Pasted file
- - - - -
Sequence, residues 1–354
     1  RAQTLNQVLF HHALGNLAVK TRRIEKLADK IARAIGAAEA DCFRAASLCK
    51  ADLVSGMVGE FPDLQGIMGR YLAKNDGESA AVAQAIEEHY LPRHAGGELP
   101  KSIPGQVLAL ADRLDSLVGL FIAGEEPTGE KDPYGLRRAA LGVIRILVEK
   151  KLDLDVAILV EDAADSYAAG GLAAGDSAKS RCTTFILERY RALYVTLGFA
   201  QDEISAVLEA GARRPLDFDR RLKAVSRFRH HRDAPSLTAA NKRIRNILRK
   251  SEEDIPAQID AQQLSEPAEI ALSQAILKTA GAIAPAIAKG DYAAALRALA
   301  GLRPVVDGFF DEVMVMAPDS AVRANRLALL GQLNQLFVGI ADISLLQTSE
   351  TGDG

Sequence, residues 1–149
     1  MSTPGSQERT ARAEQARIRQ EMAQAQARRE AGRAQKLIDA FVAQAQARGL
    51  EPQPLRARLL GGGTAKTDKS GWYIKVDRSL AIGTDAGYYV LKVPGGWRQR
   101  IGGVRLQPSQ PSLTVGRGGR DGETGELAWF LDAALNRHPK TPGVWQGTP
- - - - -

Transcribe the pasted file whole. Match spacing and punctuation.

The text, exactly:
Sequence, residues 1–354
     1  RAQTLNQVLF HHALGNLAVK TRRIEKLADK IARAIGAAEA DCFRAASLCK
    51  ADLVSGMVGE FPDLQGIMGR YLAKNDGESA AVAQAIEEHY LPRHAGGELP
   101  KSIPGQVLAL ADRLDSLVGL FIAGEEPTGE KDPYGLRRAA LGVIRILVEK
   151  KLDLDVAILV EDAADSYAAG GLAAGDSAKS RCTTFILERY RALYVTLGFA
   201  QDEISAVLEA GARRPLDFDR RLKAVSRFRH HRDAPSLTAA NKRIRNILRK
   251  SEEDIPAQID AQQLSEPAEI ALSQAILKTA GAIAPAIAKG DYAAALRALA
   301  GLRPVVDGFF DEVMVMAPDS AVRANRLALL GQLNQLFVGI ADISLLQTSE
   351  TGDG

Sequence, residues 1–149
     1  MSTPGSQERT ARAEQARIRQ EMAQAQARRE AGRAQKLIDA FVAQAQARGL
    51  EPQPLRARLL GGGTAKTDKS GWYIKVDRSL AIGTDAGYYV LKVPGGWRQR
   101  IGGVRLQPSQ PSLTVGRGGR DGETGELAWF LDAALNRHPK TPGVWQGTP